Sunday 24 September 2017
 
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ANALYSIS

Hurricane Harvey’s path goes directly through the Ports of
Lavaca and Corpus Christi, threatening Eagle Ford’s oil wells.

Don’t underrate impact of Harvey on oil: Barclays

LONDON, 27 days ago

Hurricane Harvey, the first major storm to target the US Gulf Coast since 2012, could make it more destructive to US crude and product supplies as well as port facilities than the market is currently assuming, said Barclays in a new report.

Until now hurricanes have not directly threatened the infrastructure and production associated with the US shale-inspired export boom.  Therefore its market impact from a trade, refining, and production perspective should not be underestimated, Barclays said in its latest Oil Instant Insight.

The US Gulf Coast is now exporting twice as much petroleum from the area as it did in 2012. Global demand (ex-US) is twice as dependent on exports from the US Gulf Coast than in 2012, having increased from less than 3 per cent to more than 6 per cent.  As of 2017, the 29 petroleum refineries in Texas had a capacity of over 5.4 million barrels of crude oil per day (mb/d) and accounted for 30 per cent of total US refining capacity.  Yet, the area that will be most directly hit includes five refineries that have a distillation capacity of almost 900 kb/d.

Product prices have already moved higher as people evacuate and demand more fuel and as refineries shut, thus curbing output.  US gasoline (RBOB) cracks increased more than 25 per cent as forecasts worsened for the storm, and are likely to increase further if refineries remain shut. As long as the impact of incremental product demand outweighs the impact of less production, gasoline cracks should continue to increase.

US gasoline futures rose 5.6 per cent to a two-year high on Monday as Harvey ravaged the area, said a Reuters report. Harvey has knocked out a quarter of oil production from the Gulf of Mexico, prompting fears it could overturn years of US excess oil capacity and low prices, the report added.

On the crude side, there are three potential impacts.  First, production infrastructure will likely be temporarily shut in the US Gulf of Mexico, and the Dept of Interior’s BSEE has already noted that 10 per cent of the Gulf’s output (or around 150 kb/d) has been shut in as of August 24.

“We would not be surprised if more than half is shut as a precautionary measure through the weekend.  That said, these production facilities have been hardened in the aftermath of Hurricane’s Katrina and Rita in 2005 and will likely rebound relatively quickly in the aftermath of the hurricane as long as labour can return quickly,” Barclays said in its Oil Instant Insight.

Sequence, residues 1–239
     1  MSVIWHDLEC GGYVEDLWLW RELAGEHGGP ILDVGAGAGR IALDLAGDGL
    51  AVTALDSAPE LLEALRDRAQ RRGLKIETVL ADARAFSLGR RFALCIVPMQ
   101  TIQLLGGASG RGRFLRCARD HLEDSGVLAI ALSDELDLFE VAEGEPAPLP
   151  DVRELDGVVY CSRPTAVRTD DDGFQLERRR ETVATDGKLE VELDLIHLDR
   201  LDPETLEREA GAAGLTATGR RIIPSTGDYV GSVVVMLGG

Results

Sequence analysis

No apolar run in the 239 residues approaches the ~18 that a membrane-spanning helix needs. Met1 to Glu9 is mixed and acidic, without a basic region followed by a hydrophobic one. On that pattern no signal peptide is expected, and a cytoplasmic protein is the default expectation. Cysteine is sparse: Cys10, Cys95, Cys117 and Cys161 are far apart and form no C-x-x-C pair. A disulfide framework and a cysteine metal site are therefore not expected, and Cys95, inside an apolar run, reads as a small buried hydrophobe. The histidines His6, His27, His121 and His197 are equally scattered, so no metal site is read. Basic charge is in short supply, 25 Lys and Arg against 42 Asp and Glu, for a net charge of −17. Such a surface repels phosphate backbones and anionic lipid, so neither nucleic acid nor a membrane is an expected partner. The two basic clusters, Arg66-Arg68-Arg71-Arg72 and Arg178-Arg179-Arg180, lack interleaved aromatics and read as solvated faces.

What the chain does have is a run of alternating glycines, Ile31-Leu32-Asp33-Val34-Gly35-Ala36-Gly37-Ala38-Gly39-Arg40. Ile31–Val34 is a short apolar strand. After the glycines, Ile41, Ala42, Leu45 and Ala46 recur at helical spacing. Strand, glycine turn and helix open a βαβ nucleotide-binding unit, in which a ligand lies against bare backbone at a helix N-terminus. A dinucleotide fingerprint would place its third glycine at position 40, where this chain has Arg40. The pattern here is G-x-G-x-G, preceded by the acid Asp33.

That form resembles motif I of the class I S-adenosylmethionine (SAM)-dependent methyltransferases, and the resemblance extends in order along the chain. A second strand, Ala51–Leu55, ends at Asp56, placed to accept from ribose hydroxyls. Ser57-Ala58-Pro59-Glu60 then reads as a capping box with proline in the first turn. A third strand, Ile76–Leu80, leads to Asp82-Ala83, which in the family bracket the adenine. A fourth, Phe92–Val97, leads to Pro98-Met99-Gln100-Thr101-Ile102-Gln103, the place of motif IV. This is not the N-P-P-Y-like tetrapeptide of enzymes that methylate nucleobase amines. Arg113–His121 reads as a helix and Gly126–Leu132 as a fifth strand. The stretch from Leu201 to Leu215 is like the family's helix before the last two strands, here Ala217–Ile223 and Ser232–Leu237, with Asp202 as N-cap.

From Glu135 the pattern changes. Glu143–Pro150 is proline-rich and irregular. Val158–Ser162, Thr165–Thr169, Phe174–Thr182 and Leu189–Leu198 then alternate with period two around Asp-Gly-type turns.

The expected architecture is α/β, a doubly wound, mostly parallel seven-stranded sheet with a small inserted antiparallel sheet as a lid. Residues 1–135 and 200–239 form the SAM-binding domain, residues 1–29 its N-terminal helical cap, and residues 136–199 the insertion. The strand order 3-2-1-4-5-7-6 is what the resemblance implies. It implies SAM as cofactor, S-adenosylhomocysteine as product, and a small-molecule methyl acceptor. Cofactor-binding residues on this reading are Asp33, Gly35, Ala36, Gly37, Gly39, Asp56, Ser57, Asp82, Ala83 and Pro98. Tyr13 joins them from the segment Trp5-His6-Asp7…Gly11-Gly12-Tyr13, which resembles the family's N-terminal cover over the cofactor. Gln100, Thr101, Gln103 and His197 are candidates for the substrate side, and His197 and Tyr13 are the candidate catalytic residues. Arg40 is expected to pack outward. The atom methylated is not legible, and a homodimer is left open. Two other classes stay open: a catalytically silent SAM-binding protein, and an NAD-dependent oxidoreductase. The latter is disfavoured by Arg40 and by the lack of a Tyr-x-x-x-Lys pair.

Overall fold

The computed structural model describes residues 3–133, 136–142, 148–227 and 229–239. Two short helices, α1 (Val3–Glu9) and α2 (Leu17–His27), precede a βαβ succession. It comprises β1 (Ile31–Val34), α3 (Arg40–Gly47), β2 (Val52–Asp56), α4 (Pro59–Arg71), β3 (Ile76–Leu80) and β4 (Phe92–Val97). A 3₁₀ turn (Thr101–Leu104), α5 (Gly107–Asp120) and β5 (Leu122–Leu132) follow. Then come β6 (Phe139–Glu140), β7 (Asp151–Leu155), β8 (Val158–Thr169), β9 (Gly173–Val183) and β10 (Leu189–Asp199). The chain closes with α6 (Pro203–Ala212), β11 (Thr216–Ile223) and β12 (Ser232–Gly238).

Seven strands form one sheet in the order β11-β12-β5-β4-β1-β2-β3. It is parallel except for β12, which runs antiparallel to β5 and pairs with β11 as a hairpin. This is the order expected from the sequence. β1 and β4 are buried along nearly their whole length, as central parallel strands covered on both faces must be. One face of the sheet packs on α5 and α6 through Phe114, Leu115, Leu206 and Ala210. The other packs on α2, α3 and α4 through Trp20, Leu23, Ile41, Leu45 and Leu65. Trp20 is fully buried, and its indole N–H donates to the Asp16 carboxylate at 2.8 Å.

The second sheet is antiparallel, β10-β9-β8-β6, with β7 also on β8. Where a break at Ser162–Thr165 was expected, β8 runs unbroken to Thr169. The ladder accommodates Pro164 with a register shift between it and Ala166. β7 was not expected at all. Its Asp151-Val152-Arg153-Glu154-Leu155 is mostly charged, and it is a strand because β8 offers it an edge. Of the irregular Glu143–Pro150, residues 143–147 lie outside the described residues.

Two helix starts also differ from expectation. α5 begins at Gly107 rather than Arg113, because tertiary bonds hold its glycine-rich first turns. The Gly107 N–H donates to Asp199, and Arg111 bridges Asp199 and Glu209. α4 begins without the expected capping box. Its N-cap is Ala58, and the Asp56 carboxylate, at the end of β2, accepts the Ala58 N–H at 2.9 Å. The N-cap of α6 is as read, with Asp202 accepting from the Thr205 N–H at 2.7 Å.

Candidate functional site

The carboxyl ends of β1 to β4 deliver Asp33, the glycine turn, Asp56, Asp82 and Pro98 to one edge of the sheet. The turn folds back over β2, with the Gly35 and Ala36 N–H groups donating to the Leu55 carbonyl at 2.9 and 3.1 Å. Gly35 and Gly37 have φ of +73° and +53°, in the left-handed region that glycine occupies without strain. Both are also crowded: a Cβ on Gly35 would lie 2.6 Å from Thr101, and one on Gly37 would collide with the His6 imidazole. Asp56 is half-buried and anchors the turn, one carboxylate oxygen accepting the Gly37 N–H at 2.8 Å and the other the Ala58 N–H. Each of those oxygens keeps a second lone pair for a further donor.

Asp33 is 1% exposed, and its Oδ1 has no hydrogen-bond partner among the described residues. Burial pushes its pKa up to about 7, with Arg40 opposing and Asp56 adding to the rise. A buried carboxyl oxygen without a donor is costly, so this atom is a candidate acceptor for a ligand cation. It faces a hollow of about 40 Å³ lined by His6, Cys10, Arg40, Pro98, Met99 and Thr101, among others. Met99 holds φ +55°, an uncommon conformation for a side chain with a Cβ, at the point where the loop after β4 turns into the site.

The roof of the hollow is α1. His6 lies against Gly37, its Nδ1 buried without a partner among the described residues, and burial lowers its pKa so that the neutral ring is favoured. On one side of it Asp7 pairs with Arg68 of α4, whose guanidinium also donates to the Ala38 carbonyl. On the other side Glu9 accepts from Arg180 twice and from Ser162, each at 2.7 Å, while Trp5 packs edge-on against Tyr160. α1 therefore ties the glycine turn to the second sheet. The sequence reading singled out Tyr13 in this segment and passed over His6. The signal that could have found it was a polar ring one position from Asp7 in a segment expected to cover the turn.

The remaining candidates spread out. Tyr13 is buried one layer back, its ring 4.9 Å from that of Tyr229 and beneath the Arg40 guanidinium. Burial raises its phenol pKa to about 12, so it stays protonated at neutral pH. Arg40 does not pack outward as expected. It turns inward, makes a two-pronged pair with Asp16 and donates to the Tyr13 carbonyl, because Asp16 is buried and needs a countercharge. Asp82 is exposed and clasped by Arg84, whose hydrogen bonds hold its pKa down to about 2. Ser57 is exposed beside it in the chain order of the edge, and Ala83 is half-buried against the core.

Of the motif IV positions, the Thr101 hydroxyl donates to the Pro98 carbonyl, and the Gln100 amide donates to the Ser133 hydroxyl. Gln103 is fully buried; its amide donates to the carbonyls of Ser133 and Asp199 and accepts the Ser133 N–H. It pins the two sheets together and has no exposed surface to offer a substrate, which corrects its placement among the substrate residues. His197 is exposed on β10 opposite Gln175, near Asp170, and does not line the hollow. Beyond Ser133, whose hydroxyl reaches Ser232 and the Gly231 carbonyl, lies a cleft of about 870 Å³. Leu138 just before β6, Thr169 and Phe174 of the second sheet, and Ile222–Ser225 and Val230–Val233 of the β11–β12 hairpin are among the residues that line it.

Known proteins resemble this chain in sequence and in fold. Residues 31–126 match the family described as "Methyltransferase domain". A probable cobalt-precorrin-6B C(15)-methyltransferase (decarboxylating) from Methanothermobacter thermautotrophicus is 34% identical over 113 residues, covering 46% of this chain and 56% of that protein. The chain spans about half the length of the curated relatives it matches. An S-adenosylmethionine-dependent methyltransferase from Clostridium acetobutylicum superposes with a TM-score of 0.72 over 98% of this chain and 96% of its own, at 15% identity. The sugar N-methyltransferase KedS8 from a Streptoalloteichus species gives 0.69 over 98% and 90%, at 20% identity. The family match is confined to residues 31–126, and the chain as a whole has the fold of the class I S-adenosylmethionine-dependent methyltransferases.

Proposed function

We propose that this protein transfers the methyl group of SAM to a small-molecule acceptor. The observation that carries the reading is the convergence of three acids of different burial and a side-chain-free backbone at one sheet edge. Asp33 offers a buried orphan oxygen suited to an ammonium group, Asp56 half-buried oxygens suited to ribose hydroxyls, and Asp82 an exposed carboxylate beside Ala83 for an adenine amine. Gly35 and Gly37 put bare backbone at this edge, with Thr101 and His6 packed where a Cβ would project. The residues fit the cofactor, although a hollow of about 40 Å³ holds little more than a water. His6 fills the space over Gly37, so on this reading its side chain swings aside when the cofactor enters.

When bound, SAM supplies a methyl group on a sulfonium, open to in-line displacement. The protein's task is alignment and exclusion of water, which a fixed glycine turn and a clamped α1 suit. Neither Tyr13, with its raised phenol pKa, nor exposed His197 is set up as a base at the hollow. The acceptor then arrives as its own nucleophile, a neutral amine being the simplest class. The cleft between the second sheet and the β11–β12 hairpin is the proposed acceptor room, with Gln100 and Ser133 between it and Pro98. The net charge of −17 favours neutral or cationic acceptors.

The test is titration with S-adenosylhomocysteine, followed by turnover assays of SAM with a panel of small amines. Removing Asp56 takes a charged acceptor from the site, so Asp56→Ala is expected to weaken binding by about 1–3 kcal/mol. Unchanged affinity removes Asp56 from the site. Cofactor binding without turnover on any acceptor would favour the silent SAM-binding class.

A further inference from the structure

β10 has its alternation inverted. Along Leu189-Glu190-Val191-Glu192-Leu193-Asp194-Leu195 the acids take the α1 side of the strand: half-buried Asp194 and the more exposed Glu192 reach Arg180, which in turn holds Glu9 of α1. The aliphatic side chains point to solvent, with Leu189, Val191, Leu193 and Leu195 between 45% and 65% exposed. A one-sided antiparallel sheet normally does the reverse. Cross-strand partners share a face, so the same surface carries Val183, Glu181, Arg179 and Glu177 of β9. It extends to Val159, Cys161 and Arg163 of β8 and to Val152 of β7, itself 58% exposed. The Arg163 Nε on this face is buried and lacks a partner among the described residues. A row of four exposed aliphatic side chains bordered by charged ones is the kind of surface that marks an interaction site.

The second possible impact will be onshore, most importantly to the 1.4- mb/d Eagle Ford shale.  Given the crude oil price action thus far, the market is not fully pricing in the impact on crude supplies that the hurricane is likely to have from inland and storm-surge related flooding on infrastructure and onshore production in the Texas Gulf Coast.

The storm’s path will create high winds and localized flooding in the Eagle Ford shale basin, thereby deferring incremental drilling and completion activity.  Conoco Phillips already announced it was deferring these activities, and we believe other companies will take the same precaution.

The final impact of the Hurricane is likely to centre around trade. In the short term, pipelines that terminate in the Corpus Christi area, totalling roughly 1 mb/d according to RBN could be delayed in their return due to flooding and the likelihood that companies will want to conduct inspections before return to full service.

Also, the expectation of severe weather is deterring incremental development drilling and completion. Marathon and ConocoPhillips have already announced they are suspending operations in the region. On their own, these companies produce 170,000 per day in the Eagle Ford.   In the balance of the year, the coastal flooding may also delay the crude export infrastructure build out in the Corpus Christi area.

The severity of these impacts will have a varying effect on the widening trend in the Brent-WTI spread.  If refining and export infrastructure is delayed in its return, it could widen the spread further, while if production infrastructure is slow to return, it could tighten the spread.

Hurricane Harvey is likely to fuel bullish market sentiment through the first half of September.  If crude and refined product impacts are severe, this will impact EIA’s weekly data releases for at least this coming month, thereby adding to bullish market sentiment.  Prices have received welcome support as the physical market has tightened over the summer, staying rangebound in the $48-52/b range.

“We continue to believe that prices are likely to average higher in the second half of the year than in the first half of the year as Opec’s cuts show up in visible stocks, as low prices stimulate demand, and as the global supply-demand balance remains in deficit,” Barclays concluded. – TradeArabia News Service




Tags: Storm | Barclays | US oil | Shale | Hurricane Harvey |

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